Decades ago, Miami Beach  was nicknamed “Little Jerusalem” as a way of acknowledging the enormous population of Jewish retirees who had come to the area in the 1960s and 1970s. Although that population has gotten noticeably smaller since Miami Beach’s star-powered revival in the 1980s and 1990s, the influence of the Jewish community on the greater Miami  area is still quite strong.
The Jewish Museum of Florida (301 Washington Ave., 305/672-5044, http://jewishmuseum.com , 10 a.m.–5 p.m. Tues.–Sun., $6 adults, $5 seniors and students, children 5 and under free) documents not only the history of Jews in Miami but also throughout the state, from early settlements in the Panhandle and Key West  up to today, when the Miami metro area represents the single largest per-capita concentration of Jews outside of Israel.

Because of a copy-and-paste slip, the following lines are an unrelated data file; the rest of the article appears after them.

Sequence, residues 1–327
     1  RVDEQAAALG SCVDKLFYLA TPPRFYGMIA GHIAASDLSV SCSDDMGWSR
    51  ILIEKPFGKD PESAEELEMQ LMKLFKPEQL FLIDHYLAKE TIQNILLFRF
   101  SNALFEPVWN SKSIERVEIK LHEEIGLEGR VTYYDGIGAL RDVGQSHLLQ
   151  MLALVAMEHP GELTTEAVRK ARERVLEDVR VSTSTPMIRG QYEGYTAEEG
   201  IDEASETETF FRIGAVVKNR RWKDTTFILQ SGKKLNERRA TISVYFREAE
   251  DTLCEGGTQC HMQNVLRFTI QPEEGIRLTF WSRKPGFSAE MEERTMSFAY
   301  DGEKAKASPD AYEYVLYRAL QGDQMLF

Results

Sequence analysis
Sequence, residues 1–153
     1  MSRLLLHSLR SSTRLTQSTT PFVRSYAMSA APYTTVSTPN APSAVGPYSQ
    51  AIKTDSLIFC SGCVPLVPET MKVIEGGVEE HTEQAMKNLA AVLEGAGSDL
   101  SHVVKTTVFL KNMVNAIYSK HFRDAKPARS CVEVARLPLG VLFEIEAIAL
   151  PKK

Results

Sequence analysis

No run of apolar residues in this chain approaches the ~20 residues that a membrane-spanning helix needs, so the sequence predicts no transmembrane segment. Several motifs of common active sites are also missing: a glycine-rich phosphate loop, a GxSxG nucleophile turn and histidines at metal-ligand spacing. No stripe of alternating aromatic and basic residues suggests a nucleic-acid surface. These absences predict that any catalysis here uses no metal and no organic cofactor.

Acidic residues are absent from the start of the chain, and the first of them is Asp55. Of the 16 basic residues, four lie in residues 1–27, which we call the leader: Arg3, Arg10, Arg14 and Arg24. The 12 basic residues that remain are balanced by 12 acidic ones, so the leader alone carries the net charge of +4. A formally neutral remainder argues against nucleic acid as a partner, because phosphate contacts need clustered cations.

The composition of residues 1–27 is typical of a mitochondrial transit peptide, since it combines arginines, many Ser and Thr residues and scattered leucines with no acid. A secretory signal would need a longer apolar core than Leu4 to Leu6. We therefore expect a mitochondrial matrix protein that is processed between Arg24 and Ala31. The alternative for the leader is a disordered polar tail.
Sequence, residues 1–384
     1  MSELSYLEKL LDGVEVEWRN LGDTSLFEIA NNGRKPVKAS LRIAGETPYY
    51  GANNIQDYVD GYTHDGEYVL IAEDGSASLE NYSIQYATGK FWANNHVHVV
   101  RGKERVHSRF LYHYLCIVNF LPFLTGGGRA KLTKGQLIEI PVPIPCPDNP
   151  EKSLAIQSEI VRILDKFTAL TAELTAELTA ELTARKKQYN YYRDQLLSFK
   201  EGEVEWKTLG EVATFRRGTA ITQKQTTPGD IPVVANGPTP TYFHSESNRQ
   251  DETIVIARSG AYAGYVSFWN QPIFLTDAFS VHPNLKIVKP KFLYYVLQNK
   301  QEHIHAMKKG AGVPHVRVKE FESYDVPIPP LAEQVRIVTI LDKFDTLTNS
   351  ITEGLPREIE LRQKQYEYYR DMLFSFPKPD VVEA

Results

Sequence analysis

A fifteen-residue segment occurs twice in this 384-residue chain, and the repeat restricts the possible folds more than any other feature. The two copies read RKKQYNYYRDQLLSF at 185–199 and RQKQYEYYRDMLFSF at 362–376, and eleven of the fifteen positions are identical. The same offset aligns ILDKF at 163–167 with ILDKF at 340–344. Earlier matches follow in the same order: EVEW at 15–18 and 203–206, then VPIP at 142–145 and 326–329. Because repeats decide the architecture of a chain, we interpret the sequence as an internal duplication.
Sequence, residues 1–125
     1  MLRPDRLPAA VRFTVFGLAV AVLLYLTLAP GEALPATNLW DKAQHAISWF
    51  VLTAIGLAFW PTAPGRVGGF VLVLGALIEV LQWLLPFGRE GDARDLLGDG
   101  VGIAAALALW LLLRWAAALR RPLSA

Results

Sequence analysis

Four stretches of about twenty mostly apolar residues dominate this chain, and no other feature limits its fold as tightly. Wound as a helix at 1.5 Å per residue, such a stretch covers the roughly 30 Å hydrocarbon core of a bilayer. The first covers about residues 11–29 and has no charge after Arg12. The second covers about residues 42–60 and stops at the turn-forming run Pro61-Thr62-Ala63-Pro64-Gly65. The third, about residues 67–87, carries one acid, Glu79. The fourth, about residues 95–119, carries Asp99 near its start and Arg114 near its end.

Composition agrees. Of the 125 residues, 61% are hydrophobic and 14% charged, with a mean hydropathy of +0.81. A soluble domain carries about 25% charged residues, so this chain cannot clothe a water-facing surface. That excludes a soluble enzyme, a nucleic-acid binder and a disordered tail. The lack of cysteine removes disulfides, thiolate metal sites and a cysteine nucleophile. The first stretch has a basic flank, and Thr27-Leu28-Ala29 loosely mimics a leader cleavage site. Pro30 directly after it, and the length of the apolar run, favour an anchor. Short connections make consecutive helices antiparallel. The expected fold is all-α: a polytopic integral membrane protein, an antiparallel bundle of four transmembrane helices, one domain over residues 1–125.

The Jewish Museum of Florida’s main exhibit is “Mosaic: Jewish Life in Florida,” a well-organized and informative collection of more than 500 artifacts, photos, articles of clothing, and religious implements, and there are also occasional traveling exhibits on display.